With Jon Gruden back with the Oakland Raiders, the offense, that regressed so much in 2017, figures to be explosive once again. That means opposing teams will have to throw the ball a lot to keep up with them. So all eyes should be and will be on the pass defense with defensive coordinator Paul Guenther now running it.
Who is Guenther? What kind of coordinator is he?
“I met Paul Guenther when my brother was the offensive coordinator of the Bengals.” Gruden said at his re-introductory press conference. “I loved the way the Bengals played defense. Up the field, single gap, get after you. Mike Zimmer, who left Cincinnati and went to Minnesota. I think we all agree they’re quite a defensive team. He’s a great teacher. He’s been able to get a lot of players. Vontaze Burfict, undrafted out of Arizona State, became a star player. He can coach coaches. He can coach a lot of different situations to a high level.”
What he’s done
Guenther is a well-respected coordinator around the NFL that has put together some solid defenses. The Bengals were No. 12 in 2014, No. 2 in 2015, No. 8 in 2016 in points allowed. Against the pass, the Bengals were No. 11 in 2016 and No. 8 in 2017. The Bengals defense were No. 3 in the NFL in interceptions in 2014 and 2015 and tied for No. 4 in 2016.
Under Guenther’s watch, the highest passer rating the Bengals gave up was 83.1. The team gave up passer ratings of 75.8 and 78.9 in 2014 and 2015 respectively. Compare that to the 2017 Raiders, who had the fewest INT’s in the league with just five while giving up a passer rating of 101. 8; third worst in the NFL.
Before Mike Zimmer left to become the head coach of the Minnesota Vikings, he was an aggressive, blitzing defensive coordinator for the Cincinnati Bengals. As his linebackers coach, Guenther came up under Zimmer and designed many of his blitzes, most notably his double-A-gap blitzes.
Sports Illustrated hinted that Bengals head coach Marvin Lewis’s desire to play things straight up held him back. That could explain why Guenther didn’t return to the Bengals when Lewis signed an extension. It could also be that the Bengals didn’t have the personnel to run a whole lot of blitzes.
When Guenther did dial up a blitz, it was effective, often resulting in the Bengals getting to the quarterback. Again, those blitzes are designed well and he confuses offensive lines with all the disguising and bluffing he does. He especially uses the threat of the double-A-gap blitz to help get his edge rushers get one-on-one matchups. That will help keep the double and triple teams away from Khalil Mack.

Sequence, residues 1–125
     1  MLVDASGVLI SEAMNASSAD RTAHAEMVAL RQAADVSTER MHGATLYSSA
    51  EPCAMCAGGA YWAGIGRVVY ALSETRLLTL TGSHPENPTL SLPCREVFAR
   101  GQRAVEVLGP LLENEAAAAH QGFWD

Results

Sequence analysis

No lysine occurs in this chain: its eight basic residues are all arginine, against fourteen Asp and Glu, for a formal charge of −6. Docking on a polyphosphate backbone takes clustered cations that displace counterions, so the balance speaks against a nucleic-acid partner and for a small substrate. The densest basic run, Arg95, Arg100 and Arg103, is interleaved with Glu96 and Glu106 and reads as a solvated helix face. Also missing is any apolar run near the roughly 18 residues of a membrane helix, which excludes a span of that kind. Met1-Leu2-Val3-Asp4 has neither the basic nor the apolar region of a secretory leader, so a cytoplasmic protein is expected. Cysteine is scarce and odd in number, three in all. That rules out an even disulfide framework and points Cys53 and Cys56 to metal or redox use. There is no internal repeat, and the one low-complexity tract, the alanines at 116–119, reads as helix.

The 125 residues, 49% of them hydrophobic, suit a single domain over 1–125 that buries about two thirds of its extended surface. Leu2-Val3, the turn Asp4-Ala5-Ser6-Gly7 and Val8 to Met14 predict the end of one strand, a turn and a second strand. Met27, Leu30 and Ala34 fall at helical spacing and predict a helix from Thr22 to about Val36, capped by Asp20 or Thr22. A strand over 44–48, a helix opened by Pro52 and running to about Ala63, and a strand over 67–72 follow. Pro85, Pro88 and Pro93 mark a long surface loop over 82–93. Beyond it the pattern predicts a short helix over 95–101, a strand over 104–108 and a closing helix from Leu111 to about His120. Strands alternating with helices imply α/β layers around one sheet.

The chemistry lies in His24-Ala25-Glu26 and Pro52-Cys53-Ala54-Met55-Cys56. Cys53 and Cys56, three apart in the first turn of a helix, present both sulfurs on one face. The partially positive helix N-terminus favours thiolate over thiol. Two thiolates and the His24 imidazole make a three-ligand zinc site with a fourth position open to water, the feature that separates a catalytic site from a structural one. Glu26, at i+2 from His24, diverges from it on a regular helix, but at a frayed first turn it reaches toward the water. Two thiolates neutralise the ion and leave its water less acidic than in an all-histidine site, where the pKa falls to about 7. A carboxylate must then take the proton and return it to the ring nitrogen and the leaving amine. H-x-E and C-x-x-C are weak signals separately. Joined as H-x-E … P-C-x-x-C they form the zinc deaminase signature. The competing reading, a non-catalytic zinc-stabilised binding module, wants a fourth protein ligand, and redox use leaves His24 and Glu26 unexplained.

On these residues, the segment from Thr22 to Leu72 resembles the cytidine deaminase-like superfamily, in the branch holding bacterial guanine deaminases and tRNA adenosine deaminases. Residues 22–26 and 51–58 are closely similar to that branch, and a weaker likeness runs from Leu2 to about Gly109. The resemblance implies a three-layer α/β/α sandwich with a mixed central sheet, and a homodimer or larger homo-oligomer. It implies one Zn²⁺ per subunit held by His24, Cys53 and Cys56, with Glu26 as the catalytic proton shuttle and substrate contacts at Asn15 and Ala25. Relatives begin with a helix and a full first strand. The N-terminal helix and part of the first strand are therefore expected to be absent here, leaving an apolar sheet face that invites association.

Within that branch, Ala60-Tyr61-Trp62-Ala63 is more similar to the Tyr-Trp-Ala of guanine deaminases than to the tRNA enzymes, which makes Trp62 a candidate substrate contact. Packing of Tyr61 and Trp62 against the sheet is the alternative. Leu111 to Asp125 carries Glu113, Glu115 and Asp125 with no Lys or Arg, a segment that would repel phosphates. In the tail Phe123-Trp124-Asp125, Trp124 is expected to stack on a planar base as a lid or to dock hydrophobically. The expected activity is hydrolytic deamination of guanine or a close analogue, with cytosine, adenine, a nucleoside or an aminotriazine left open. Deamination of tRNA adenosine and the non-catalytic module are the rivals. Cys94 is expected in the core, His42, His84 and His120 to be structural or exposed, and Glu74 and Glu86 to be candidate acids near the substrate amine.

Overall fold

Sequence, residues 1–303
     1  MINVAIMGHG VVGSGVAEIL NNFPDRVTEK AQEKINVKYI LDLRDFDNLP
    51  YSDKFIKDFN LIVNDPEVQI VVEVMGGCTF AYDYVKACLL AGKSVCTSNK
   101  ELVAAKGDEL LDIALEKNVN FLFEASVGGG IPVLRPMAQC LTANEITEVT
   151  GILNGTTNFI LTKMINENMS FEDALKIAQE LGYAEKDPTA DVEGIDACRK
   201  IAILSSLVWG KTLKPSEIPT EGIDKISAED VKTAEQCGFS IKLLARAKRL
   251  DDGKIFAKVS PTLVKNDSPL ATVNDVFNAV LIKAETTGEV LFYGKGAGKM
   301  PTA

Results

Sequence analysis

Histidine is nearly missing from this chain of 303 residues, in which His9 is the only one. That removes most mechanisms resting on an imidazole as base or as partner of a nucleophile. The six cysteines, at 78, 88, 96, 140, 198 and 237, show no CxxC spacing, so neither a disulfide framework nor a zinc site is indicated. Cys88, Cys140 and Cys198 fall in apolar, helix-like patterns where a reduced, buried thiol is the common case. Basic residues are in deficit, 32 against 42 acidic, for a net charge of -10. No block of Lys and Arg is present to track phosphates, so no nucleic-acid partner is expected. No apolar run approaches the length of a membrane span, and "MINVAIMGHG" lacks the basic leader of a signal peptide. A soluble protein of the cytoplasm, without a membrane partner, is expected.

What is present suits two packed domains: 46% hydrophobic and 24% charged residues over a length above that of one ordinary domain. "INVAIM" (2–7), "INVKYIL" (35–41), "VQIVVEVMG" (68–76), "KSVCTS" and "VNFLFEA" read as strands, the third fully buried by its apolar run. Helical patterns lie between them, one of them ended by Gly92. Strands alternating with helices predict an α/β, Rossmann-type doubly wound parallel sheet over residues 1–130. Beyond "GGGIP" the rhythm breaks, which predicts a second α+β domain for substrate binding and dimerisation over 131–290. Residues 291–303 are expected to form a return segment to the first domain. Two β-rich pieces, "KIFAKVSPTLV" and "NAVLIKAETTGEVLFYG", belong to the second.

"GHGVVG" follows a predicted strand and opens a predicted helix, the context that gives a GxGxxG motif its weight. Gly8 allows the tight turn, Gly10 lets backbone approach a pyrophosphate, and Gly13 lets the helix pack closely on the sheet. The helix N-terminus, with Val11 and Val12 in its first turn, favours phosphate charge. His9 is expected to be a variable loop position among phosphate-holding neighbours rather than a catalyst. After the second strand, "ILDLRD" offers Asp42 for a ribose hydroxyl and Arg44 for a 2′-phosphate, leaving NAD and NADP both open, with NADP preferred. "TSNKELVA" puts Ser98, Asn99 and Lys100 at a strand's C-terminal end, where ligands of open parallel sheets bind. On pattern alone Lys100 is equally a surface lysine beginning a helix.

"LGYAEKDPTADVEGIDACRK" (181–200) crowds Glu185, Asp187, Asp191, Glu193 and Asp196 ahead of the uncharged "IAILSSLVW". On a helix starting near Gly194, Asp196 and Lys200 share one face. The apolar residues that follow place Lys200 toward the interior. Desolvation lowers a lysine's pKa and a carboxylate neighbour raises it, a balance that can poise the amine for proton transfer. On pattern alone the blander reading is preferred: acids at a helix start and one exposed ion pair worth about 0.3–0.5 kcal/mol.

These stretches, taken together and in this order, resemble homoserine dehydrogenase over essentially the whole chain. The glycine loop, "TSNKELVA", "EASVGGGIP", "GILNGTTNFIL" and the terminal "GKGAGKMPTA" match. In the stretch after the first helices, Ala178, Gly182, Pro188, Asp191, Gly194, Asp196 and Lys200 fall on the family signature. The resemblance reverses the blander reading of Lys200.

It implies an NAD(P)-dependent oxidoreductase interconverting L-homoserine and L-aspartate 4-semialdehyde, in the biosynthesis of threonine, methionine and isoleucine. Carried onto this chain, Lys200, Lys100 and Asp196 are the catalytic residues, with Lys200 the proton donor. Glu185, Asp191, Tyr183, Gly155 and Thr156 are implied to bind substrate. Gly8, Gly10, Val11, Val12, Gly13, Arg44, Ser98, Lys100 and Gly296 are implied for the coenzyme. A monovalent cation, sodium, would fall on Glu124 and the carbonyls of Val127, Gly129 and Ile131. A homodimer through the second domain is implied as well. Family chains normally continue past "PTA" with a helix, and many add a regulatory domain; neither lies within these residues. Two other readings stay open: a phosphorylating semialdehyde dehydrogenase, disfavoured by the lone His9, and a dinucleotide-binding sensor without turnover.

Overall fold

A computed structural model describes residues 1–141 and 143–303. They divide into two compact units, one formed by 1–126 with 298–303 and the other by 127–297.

The Bengals ran a base 4-3 defense with Guenther as DC but he isn’t really married to anything. He values position versatility up front so he can use multiple fronts. He lines his guys up in a multitude of positions and either one could rush or drop him into coverage.
He also runs his share of stunts and gets to the QB with them. The Bengals were tied for No. 11 in the NFL in sacks with 41 in 2017 without a great edge rusher.
Coverage wise, from what they showed on film this year, the Bengals ran a lot of tight man coverage with a single high safety and two deep. It wasn’t always bump-and-run but the corners were usually close to the line of scrimmage. They also showed some Cover 2 and Cover 4 zone — Marvin Lewis staples. But one thing you can bet is just like up front there will be a lot of bluffing and disguising. Safeties are often seen running back into position right before the snap.
With Guenther’s blitz designs coming from the Mike Zimmer coaching tree, it will be interesting to see what he does with guys like Mack, Bruce Irvin, Mario Edwards Jr. and maybe Aldon Smith. Guenther also knows how to get there with four rushers by using the threat of a blitz. Meanwhile the disguise of coverages should lead to more interceptions. With Guenther running the defense, don’t expect it to be as easy to throw on the Raiders.